I started a painting on a vintage, wooden tea tray years ago. It’s a little beach shack on posts. So far, it is only the shack and the deck around it. I never finished the painting by adding the water or sky to it. So there it sits, in my closet, an oceanless little beach shack on a vintage, wooden tea tray. I will take it out one of these days and finish it. Painting is not something I do well, especially painting water. Thanks to this post, I remembered the unfinished painting. It’s never too late to start again.

    I do love your suggestions, especially the one about trying something outside of one’s comfort zone. I took a pottery class in high school and loved using the wheel. Another class I took was sculpture and that was a blast. There are infinte different ways to be creative. The key for me is to feel inspired and delighted with whatever I am doing at the time. If it turns into pressure or drudgery, time to dance around outside for a while to refresh the joyful creative spirit.

    Excellent and informative post j!

    • j on March 29, 2013 at 6:36 am

      I think of all the soul-deep creatives out there, very few do it professionally, and even fewer do it “for a living.” I was writing this for all of us who feel that incompleteness you talk about when we aren’t creating. (Well said!)

      Funny you should mention pottery and sculpting classes. I’ve never done either (if we don’t count Playdoh), and when I was writing this post, I wrote down some “unfamiliar art forms” I’d like to try. Those were both on my list, because, like doodling, they feel completely separate from writing. I want to fire up some new neurons, which never fails to get me inspired and delighted.

      That really gets at the whole purpose of #1. Looking for opportunities to be creative without expectation.Sometimes, to do that, you have to get outside the art forms you know.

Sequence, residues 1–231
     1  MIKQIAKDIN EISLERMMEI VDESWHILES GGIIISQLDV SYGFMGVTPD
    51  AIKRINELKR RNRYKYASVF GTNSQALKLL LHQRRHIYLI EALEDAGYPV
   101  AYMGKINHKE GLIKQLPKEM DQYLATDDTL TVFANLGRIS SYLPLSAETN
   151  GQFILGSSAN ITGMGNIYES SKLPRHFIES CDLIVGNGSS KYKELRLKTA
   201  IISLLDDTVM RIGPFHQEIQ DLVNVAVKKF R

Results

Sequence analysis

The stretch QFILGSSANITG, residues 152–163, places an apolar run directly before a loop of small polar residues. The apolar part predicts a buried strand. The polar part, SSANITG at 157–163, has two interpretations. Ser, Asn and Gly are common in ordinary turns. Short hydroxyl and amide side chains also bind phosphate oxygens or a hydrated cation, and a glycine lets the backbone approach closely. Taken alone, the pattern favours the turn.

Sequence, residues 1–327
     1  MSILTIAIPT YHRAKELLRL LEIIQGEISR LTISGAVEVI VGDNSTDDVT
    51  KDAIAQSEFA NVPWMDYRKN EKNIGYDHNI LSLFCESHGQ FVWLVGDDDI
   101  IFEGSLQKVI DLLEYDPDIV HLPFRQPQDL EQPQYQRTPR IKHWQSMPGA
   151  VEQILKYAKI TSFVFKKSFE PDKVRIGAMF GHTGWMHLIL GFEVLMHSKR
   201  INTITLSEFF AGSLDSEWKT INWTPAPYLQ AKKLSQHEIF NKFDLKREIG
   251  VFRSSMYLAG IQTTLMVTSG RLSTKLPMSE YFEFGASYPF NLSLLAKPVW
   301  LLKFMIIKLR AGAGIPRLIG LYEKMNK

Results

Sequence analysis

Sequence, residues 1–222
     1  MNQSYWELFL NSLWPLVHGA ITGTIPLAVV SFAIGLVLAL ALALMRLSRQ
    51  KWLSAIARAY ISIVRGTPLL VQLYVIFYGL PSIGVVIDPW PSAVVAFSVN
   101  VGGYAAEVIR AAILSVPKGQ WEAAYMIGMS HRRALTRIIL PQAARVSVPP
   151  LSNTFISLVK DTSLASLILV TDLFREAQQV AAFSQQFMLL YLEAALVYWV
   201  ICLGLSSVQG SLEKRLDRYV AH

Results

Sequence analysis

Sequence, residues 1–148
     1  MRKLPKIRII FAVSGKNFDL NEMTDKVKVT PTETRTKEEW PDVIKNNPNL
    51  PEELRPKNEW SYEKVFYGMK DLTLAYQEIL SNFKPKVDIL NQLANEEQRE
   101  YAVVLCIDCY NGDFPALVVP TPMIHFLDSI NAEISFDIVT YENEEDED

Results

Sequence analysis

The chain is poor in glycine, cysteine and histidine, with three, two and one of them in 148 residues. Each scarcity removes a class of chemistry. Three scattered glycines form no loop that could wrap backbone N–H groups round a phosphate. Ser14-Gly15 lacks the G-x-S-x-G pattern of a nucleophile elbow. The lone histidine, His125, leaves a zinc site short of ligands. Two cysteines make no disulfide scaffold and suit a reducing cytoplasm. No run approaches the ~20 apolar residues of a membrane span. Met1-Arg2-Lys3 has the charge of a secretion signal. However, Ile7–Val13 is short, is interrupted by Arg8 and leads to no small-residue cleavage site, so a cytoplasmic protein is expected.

Excellent and informative response, Joanne. (As always!)

      p.s. Your unfinished projects (including your “oceanless little beach shack on a vintage, wooden tea tray” are probably just incubating.) 😉

  9. Valerie Gilreath on March 29, 2013 at 4:26 am

    J., These are all great suggestions. #2 and #7 are already staples of my creative process, and I look forward to experimenting with some of the others you’ve listed. In particular #7 — Just Start — has been invaluabe to me over the years. I am a writer, both professionally (grant writer) and as a “hobby” (poet.) I’m convinced that learning to overcoming my fear of the blank page by just getting something, anything down on paper (over the screams of my perfectionistic inner voice) is what has kept me writing. It primes the pump, so to speak. Then those initial sentences/lines can always be cut, and no one but me ever has to know that they even existed!
    Thanks for this post.

    • j on March 29, 2013 at 6:42 am

      I often say that I’m much more comfortable editing than writing. That blank page, especially when I feel uncertain about a writing project (as I do right now with the most pressing one on my editorial calendar), is enormously intimidating. In fact, if anything, I may use #2 to avoid #7 too often, even though EVERY SINGLE TIME I allow myself to get a first draft down, however shitty, the rest of the process is easier and more fun.

      I know that. And yet… Today, right in the middle of my to-do list, in big block letters, it says, “JUST START.”

      Thanks YOU for the comment!

  10. fictional100 on March 29, 2013 at 4:50 am

    Judy, This list of “unblocking,” zest-recharging tools, and the way you illustrate and champion them, feels like a classic to me–I hope it finds it way onto a “permanent” part of your blog (a link under “About” or even its very own tab!). You convey so vividly the organic way all the varieties of creativity relate to each other. Your doodles here really touch my heart, especially the tree of life rooted in LOVE and the exhilaration of swinging on a tire in the sunshine, a picture of inner experience.